Should Milwaukee remove the chip off its shoulder and finally embrace its place as a suburb of Chicago?
I remember the first time I heard that suggestion. It was at the 2005 BizTimes Commercial Real Estate & Development Conference, where Michael Mullen, founder of Chicago-based CenterPoint Properties, was one of the keynote speakers. Mullen told the Milwaukee audience that our city should stop resisting and instead capitalize on its proximity to Chicago.
As I looked around the room, I could see jaws dropping.
However, Mullen cited several logistical advantages Milwaukee had over its larger neighbor to the south, including lower labor costs, lower taxes, a better-trained workforce and less traffic congestion.
Eight years later, the issue came full circle again as Mullen was moderating a panel discussion on "Transportation and Logistics in the Tri-state Region" in Chicago.
Mullen asked Illinois Gov. Pat Quinn about the regional potential.
"Weâ€™d be very happy to make Milwaukee a suburb of Chicago," Quinn said at the discussion, which held as part of the Summit on Regional Competitiveness at the Federal Reserve Bank in Chicago on Sept. 27. "I think that would be the way to go."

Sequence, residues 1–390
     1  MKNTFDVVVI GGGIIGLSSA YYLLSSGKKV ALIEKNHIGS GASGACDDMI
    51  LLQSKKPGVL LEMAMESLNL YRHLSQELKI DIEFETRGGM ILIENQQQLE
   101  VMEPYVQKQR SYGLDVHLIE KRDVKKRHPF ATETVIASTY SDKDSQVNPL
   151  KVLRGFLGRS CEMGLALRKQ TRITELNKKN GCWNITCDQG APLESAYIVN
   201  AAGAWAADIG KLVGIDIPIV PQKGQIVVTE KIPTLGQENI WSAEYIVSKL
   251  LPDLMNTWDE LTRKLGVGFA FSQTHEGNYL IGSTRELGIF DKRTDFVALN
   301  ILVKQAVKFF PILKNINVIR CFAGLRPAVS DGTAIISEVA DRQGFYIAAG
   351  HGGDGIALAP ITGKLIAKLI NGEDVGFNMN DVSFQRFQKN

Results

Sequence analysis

Annual ridership on Amtrakâ€™s Hiawatha route between Milwaukee and Chicago grew from 397,500 in 2002 to 832,500 in 2012 (a 109-percent increase), and Quinn said the route is the busiest in the nation outside of the East Coast.
One study being done by the Wisconsin Department of Transportation, the Illinois DOT, the Federal Railroad Administration and Amtrak is examining plans to increase service on the Hiawatha from seven daily roundtrips to 10 daily roundtrips.
At the conference, which was co-presented by the Alliance for Regional Development, Quinn encouraged Wisconsin Gov. Scott Walker to invest in the Badger Stateâ€™s share of the costs to upgrade the Hiawatha line and expand the fleet of trains connecting Milwaukeeâ€™s General Mitchell International Airport to Union Station in downto…Read more...